The gut is more and more being referred to as our ‘second brain’ and for good reason. Describing emotional moments as ‘gut-wrenching’ or saying we get ‘butterflies’ when we’re nervous comes from emotions being felt in our stomach. Your gut is susceptible to an emotional spectrum, including rage, anxiousness, sadness, and happiness.
In addition to being the ‘second brain’, the gut is connected in many ways to our brain. Therefore, poor gut health can lead to poor mental health. The connection between the gut and the brain is known as the ‘gut-brain axis.’
THE GUT-BRAIN AXIS
It’s not just that ‘gut-feeling’ though. The gut and brain are constantly sending signals to each other, in back-and-forth communication. This communication has been proven to be incredibly helpful for human survival. For example, during ‘fight or flight’ when a human saw a stressor the brain would send signals to the gut to divert blood flow towards organs such as the heart and lungs, to prepare the body to either fight or run away from the threat.
However, this connection between the brain and the gut means that poor gut health can directly influence your mental health. Gut issues can affect, or be the cause of, mental health issues.
HOW ARE THE GUT AND BRAIN CONNECTED?
The gut is connected to the brain through neurotransmitters. These neurotransmitters send messages to your hormones and the brain.
The neurotransmitters that are produced by your brain control your feelings and emotions. Cells in your gut produce neurotransmitters which can also affect your emotions. One of the chemicals produced by your gut is serotonin. In fact, 95% of the body’s supply of serotonin is produced by gut bacteria. Serotonin is known as the ‘happy hormone’ because it influences your mood and the feelings of happiness. With this in mind, can you see how low mood and mental health issues are so closely linked to gut health?
The gut microbes also produce gamma-aminobutyric acid (GABA). GABA is that neurotransmitter that helps you feel zen and relaxed so if you’re an anxious person or find yourself worrying a lot, then you might be lacking GABA!
The gut has 500 million neurons which connect to the brain via the nervous system. The largest nerve that connects your gut and the brain is called the vagus nerve. The vagus nerve controls messages sent to the gut, heart, lungs and other vital organs.
A lot of research has gone into the vagus nerve and how this influences or is connected to various mental and physical health concerns, such as depression, chronic fatigue syndrome and anxiety. This is the polyvagal theory.
HOW DOES THE GUT CAUSE OR AMPLIFY ANXIETY?
If 95% of your body’s serotonin is manufactured by your gut bacteria, then what happens if your gut bacteria is imbalanced? Serotonin production is reduced and, as a result, you will be more susceptible to low mood. It is incredibly important to maintain good gut health so that your body can continue to produce the ‘happy hormone’ to balance your mood.
I previously mentioned that the gut microbes produce GABA. Well, GABA is an ani-anxiety neurotransmitter. If you have anxiety, you most likely have low GABA.
Without enough GABA you will find it harder to calm down, fall asleep and reaching your parasympathetic nervous system.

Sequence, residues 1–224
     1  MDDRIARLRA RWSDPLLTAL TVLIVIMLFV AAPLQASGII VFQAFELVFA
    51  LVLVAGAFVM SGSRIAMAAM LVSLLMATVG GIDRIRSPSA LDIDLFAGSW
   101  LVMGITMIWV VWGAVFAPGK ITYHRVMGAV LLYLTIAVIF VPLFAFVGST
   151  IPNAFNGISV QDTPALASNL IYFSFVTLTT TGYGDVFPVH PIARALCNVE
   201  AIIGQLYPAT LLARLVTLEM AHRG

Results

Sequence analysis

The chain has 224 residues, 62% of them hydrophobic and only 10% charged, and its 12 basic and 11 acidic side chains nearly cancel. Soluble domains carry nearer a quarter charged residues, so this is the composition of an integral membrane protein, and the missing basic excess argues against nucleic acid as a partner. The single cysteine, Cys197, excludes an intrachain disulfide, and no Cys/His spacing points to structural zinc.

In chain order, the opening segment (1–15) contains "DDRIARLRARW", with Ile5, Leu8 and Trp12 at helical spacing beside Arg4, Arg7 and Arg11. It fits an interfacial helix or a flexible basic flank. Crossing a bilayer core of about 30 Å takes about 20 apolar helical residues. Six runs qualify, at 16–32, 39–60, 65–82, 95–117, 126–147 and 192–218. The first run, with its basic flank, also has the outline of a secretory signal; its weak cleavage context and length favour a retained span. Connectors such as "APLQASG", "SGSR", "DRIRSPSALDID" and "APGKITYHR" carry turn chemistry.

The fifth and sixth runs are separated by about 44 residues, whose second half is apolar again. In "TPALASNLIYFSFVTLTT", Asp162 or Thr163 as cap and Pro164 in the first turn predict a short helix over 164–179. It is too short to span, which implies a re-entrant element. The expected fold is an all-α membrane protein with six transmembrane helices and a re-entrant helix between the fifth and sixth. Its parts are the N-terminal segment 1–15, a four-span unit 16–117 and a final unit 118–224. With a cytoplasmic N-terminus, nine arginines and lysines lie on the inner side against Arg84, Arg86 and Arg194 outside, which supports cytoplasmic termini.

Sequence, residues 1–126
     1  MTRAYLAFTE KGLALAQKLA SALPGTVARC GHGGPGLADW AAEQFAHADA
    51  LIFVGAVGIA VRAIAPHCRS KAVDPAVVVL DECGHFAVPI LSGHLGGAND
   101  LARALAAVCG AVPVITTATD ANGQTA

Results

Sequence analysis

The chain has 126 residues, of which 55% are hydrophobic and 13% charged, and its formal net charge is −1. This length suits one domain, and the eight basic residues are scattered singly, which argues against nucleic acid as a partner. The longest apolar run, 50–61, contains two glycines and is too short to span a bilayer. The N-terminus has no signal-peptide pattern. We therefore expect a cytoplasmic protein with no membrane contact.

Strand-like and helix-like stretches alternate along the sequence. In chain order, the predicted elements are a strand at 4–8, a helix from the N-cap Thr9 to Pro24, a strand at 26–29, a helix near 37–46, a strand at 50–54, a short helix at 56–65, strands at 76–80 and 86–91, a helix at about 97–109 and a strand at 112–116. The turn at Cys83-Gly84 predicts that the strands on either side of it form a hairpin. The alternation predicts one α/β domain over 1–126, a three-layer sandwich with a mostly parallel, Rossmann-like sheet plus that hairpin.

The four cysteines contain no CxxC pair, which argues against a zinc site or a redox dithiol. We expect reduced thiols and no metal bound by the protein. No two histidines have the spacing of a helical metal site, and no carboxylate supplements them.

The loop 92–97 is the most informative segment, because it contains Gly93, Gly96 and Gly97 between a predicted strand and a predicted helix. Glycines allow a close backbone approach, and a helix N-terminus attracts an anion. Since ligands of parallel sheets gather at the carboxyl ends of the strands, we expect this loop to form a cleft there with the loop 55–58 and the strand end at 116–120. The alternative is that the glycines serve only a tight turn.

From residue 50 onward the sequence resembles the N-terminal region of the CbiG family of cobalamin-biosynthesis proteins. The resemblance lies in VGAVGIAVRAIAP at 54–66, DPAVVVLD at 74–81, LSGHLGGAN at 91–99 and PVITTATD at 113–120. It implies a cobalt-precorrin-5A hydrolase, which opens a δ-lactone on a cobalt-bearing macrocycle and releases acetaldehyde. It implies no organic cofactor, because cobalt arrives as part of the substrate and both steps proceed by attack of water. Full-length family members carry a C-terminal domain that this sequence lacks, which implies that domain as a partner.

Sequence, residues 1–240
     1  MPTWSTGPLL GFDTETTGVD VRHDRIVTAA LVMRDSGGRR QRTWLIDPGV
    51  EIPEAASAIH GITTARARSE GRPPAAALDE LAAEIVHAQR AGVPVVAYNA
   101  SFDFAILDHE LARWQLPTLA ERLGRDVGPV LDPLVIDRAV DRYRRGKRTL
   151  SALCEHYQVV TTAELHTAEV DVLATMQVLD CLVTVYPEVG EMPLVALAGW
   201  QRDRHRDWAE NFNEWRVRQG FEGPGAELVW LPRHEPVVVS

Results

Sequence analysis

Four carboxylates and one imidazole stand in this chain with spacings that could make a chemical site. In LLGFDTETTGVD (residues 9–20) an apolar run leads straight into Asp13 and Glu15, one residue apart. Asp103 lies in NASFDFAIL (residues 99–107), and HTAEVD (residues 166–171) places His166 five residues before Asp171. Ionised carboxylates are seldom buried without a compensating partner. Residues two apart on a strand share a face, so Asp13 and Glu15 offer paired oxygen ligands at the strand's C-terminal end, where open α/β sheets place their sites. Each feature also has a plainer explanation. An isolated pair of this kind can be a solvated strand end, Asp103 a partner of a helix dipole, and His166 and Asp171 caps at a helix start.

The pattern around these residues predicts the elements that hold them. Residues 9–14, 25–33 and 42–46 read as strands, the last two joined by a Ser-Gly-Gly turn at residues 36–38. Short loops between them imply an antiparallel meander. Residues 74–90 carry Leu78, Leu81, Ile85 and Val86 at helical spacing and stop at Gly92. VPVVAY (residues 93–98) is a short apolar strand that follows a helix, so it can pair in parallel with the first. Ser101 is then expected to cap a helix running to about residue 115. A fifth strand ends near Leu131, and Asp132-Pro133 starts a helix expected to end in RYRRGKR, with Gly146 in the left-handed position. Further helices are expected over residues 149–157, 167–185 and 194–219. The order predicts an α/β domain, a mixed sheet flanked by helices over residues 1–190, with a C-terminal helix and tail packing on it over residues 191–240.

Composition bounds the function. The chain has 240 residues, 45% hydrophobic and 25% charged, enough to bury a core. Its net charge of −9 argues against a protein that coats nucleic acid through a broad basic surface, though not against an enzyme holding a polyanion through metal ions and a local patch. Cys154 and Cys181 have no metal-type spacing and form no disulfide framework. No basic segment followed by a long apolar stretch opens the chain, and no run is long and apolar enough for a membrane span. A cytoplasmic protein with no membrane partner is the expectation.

So, if your gut bacteria is imbalanced and you are suffering from gut dysbiosis, then you are less able to produce neurotransmitters, including GABA. As a result, you are less equipped to regulate feelings of fear and anxiety.
The relationship between certain gut bacteria and the synthesis of mood-affecting neurotransmitters is symbiotic.
Anxiety can also put extra strain on the gut, causing it to not function properly. Therefore, you can become trapped in a vicious cycle of anxiety and gut issues. This is why many will experience constipation or loose stools when they’re anxious, or feel sick before a nerve-wracking experience.
Therefore, it is incredibly important to break this cycle by focusing on improving and maintaining good gut health to have a healthy mood.
THE BOTTOM LINE
The good news is that fixing this is quite simple and not as complicated as many people think. I’ve seen it first-hand in my Private Practice with hundreds of clients. Contrary to popular belief, probiotics are not the answer. Many probiotics out there are can trigger histamine issues and exacerbate anxiety further.
We need to address the dysbiosis before implementing probiotics and even then, the strains used should be carefully chosen.
There are of course, other underlying root causes to anxiety, such as heavy metals, and the best way to find out is by running lab tests.
I understand that working with me on a 1:1 basis and running labs is not financially viable for everyone and this is when my GI protocol comes into play. It is a best-selling protocol that has been proven to be successful for hundreds of individuals!
Regardless of the approach that you decide, there are a few things that you can do in the meantime to calm your anxiety whilst you work on the underlying root cause. I’ve been recommending a good quality, full-spectrum, organic and high potency CBD oil to my clients and it has been an absolute game-changer to many!
The one that I recommend is the one by Dreem Distillery. I’ve managed to get my community a 20% discount using the code PAULA20 at checkout. I recommend taking at least 20-25mg (underneath the tongue) whenever you start feeling those anxious feelings coming.
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